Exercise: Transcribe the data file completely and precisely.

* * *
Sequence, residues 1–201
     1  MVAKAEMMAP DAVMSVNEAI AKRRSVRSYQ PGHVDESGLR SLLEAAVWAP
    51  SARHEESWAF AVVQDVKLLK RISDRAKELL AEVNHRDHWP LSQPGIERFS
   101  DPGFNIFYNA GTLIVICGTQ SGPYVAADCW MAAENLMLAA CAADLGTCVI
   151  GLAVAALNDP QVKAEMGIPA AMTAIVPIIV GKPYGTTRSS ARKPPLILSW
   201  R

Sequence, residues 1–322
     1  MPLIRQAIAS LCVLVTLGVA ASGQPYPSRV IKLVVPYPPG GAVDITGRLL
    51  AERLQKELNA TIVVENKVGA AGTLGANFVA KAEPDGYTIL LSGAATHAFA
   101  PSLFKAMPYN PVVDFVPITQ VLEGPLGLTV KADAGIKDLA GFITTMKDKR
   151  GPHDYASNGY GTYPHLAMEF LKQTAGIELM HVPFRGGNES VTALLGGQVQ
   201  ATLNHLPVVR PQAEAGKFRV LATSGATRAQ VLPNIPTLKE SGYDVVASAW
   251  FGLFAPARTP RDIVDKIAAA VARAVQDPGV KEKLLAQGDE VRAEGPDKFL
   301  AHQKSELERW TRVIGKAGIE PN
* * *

Sequence, residues 1–201
     1  MVAKAEMMAP DAVMSVNEAI AKRRSVRSYQ PGHVDESGLR SLLEAAVWAP
    51  SARHEESWAF AVVQDVKLLK RISDRAKELL AEVNHRDHWP LSQPGIERFS
   101  DPGFNIFYNA GTLIVICGTQ SGPYVAADCW MAAENLMLAA CAADLGTCVI
   151  GLAVAALNDP QVKAEMGIPA AMTAIVPIIV GKPYGTTRSS ARKPPLILSW
   201  R

Sequence, residues 1–322
     1  MPLIRQAIAS LCVLVTLGVA ASGQPYPSRV IKLVVPYPPG GAVDITGRLL
    51  AERLQKELNA TIVVENKVGA AGTLGANFVA KAEPDGYTIL LSGAATHAFA
   101  PSLFKAMPYN PVVDFVPITQ VLEGPLGLTV KADAGIKDLA GFITTMKDKR
   151  GPHDYASNGY GTYPHLAMEF LKQTAGIELM HVPFRGGNES VTALLGGQVQ
   201  ATLNHLPVVR PQAEAGKFRV LATSGATRAQ VLPNIPTLKE SGYDVVASAW
   251  FGLFAPARTP RDIVDKIAAA VARAVQDPGV KEKLLAQGDE VRAEGPDKFL
   301  AHQKSELERW TRVIGKAGIE PN